Wednesday, January 25, 2012

In the Land of the Dinosaurs

What is a blog about biology without some dinosaurs? I know that as a child, I was always fascinated by them. How reptiles could grow to be so big and be the major fauna for millions of years, only to be wiped out by some environment phenomenon boggles me. I have two interesting dinosaur stories to share with you today! Birds are known to be the modern descents of dinosaurs, with the Archaeopteryx being the intermediate link. It has both reptilean (teeth, clawed fingers, bony tail) and bird (feathered wings and a wishbone) It is a winged and feathered dinosaur, but scientists have long debated whether it actually had the ability to fly.

A new study of the specimen has revealed the color of its feathers (Winged Dinosaur Archaeopteryx Dressed for Flight). Why does the color matter? The color and the pigment cells indicate that the feathers themselves were durable and rigid, characteristics needed for flight. Closer examination of the feathers also revealed that the structure is identical to that of modern bird feathers. This may seem like an elementary finding, as melanosomes (pigment cells) have been found in many fossils. However, these have previously been misidentified as bacteria. They were visable only with a power confocal microscope. Scientists are still not sure how the melanosomes in the archaeopteryx were used. Since the feathers were found to be black, functions  could range from camouflage, to body heat regulation, to even flight. However, the presence of melanosomes pushes flight to the forefront, as melanosomes provide strength and protect from abrasion during flight. 

The second dinosaur story deals with the discovery of a nursery in South Africa that contained ten nests (Fossils in South Africa Reveal Dinosaur Nesting Site: 190 Million Years Old). This nesting site was found to be 190 million years old, and it belonged to a prosauropod named Massospondylus.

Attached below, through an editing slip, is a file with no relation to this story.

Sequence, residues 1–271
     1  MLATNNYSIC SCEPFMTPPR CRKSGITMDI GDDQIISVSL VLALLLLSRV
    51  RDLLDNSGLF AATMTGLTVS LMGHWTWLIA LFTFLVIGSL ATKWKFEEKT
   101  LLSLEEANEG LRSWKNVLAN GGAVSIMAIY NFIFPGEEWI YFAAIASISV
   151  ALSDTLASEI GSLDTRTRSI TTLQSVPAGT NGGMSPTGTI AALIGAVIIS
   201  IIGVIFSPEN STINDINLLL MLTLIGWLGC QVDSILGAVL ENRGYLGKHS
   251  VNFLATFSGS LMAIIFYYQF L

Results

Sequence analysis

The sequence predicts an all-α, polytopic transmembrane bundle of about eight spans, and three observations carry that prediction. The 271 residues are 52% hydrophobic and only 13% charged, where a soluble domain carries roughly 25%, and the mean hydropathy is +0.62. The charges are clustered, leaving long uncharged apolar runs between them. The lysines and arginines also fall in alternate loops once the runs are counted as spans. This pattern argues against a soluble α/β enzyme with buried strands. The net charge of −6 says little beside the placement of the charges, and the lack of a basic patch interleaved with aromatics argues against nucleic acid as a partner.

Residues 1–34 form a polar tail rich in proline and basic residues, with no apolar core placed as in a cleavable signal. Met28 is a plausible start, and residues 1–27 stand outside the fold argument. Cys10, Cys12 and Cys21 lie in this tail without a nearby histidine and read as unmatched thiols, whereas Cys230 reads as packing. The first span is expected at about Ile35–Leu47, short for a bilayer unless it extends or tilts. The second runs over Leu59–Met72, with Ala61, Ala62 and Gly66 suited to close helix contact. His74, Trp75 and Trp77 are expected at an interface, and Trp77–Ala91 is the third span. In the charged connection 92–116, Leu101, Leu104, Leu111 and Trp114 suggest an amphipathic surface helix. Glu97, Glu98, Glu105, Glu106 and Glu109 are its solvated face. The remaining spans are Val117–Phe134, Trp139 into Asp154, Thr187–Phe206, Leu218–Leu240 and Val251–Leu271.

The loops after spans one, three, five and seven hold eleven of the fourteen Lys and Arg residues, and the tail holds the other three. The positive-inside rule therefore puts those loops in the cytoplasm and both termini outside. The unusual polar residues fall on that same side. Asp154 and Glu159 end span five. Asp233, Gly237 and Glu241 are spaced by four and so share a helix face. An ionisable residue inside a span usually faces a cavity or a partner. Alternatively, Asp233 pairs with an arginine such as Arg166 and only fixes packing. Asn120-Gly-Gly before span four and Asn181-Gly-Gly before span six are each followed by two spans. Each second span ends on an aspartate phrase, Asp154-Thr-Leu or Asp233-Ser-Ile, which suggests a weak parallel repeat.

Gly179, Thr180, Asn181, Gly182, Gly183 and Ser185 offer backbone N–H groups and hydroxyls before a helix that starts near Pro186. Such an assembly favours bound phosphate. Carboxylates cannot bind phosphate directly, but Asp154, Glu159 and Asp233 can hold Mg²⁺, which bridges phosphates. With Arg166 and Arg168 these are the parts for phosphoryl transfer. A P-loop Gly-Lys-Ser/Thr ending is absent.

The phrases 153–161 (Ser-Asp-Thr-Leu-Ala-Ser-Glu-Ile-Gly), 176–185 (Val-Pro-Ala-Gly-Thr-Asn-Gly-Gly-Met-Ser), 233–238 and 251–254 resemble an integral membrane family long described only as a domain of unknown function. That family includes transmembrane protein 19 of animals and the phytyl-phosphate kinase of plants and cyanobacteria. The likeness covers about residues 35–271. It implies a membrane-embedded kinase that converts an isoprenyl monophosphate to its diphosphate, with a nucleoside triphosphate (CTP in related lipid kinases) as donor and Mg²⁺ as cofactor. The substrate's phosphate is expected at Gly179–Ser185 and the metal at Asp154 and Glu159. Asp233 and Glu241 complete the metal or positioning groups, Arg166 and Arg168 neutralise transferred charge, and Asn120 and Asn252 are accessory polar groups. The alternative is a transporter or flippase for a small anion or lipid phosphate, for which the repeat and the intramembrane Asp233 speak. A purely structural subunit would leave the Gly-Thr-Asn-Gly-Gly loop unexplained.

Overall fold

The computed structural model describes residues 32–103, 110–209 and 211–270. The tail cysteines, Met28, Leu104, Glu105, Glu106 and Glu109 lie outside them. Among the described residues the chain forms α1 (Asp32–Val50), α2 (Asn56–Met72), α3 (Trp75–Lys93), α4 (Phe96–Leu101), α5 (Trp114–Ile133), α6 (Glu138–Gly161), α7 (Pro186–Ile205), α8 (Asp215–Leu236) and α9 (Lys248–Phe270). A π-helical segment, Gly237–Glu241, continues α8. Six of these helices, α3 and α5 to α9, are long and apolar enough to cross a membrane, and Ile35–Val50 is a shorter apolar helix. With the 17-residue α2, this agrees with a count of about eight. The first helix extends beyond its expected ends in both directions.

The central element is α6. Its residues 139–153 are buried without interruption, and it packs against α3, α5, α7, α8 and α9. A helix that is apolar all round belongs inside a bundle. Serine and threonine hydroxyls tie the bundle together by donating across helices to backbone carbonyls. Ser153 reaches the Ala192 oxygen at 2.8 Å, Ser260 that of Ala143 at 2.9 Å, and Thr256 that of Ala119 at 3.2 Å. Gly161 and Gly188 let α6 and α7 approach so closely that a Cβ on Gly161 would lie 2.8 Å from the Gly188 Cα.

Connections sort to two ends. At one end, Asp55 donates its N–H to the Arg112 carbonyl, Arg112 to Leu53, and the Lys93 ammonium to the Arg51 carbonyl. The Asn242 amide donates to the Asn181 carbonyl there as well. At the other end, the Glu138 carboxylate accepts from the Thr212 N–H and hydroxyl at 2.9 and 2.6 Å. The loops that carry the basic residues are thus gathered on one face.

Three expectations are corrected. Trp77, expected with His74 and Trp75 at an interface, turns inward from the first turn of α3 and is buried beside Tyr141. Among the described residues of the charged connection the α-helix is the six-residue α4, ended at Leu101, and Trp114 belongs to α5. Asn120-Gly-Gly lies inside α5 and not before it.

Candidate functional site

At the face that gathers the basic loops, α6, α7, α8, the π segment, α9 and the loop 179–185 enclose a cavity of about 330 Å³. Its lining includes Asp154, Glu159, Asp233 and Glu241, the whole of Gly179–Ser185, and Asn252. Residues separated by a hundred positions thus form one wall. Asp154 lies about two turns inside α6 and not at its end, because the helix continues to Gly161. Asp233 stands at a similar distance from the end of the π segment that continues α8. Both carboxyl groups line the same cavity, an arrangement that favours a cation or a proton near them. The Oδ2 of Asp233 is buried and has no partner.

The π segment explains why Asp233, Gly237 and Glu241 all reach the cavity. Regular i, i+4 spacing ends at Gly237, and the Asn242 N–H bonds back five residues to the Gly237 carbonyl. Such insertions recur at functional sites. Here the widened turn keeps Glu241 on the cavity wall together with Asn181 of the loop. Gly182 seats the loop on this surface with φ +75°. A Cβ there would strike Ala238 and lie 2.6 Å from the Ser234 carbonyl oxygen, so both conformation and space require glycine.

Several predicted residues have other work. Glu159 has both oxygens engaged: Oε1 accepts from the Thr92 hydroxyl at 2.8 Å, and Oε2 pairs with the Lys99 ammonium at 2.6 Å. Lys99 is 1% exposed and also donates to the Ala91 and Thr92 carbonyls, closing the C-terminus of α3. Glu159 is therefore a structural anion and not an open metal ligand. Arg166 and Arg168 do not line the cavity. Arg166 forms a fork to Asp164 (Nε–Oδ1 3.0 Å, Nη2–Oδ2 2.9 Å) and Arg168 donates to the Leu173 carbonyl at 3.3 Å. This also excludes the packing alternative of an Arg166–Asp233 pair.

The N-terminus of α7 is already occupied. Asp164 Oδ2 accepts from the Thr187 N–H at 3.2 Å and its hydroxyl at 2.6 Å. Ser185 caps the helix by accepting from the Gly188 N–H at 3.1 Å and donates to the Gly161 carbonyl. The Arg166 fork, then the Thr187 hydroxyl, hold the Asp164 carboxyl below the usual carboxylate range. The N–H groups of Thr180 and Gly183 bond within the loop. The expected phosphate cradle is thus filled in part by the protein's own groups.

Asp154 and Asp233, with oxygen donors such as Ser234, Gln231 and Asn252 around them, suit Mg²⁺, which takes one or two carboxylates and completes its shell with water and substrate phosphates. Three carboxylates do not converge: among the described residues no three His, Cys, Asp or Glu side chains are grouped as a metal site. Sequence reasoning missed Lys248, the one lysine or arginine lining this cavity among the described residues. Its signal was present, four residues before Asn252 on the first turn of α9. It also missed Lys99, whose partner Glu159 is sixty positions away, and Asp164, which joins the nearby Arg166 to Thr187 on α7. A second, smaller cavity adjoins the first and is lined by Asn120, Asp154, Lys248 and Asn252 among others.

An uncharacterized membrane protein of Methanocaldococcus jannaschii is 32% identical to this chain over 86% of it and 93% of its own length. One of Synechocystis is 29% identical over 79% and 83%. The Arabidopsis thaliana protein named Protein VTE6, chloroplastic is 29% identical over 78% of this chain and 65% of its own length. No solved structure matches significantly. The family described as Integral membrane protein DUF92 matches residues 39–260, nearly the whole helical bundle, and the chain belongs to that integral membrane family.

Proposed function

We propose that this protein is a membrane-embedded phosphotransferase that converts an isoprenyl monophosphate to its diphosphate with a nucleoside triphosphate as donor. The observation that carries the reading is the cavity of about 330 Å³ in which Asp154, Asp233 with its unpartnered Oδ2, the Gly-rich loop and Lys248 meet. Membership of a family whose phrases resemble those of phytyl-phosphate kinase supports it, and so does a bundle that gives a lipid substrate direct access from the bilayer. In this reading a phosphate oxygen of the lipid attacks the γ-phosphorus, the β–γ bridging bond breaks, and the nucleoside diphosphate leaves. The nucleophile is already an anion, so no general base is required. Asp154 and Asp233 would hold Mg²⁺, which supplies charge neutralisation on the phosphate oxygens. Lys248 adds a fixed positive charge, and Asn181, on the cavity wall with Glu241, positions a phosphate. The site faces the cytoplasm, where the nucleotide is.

The authors of this study site that this nursery is 100 million years older than any previous find. The nests contain up to 34 eggs, all in tightly clustered arrangements. What is significant about this find is that it gives insight in the behaviors of Massospondylus. The clustered arrangement of the nests indicate that mothers returned to the site repeatedly and often came in groups to lay eggs. The highly organized nature of the nest itself also is evidence that the mother moved and organized her eggs. The nesting ground was found in sedimentary rock from Early Jurassic Period in the Golden Gate Highlands National Park in South Africa. This site also yielded some of the oldest found embryos, which is extremely important to the study of reproductive biology. All in all, this discovery is a boon to understanding dinosaur behavior. Isn't it all so maddeningly interesting??


Orignal Papers:

Ryan M. Carney, Jakob Vinther, Matthew D. Shawkey, Liliana D'Alba, Jörg Ackermann. New evidence on the colour and nature of the isolated Archaeopteryx feather.

Robert R. Reisz, David C. Evans, Eric M. Roberts, Hans-Dieter Sues, Adam M. Yates. Oldest known dinosaurian nesting site and reproductive biology of the Early Jurassic sauropodomorph Massospondylus.Proceedings of the National Academy of Sciences, 2012; 

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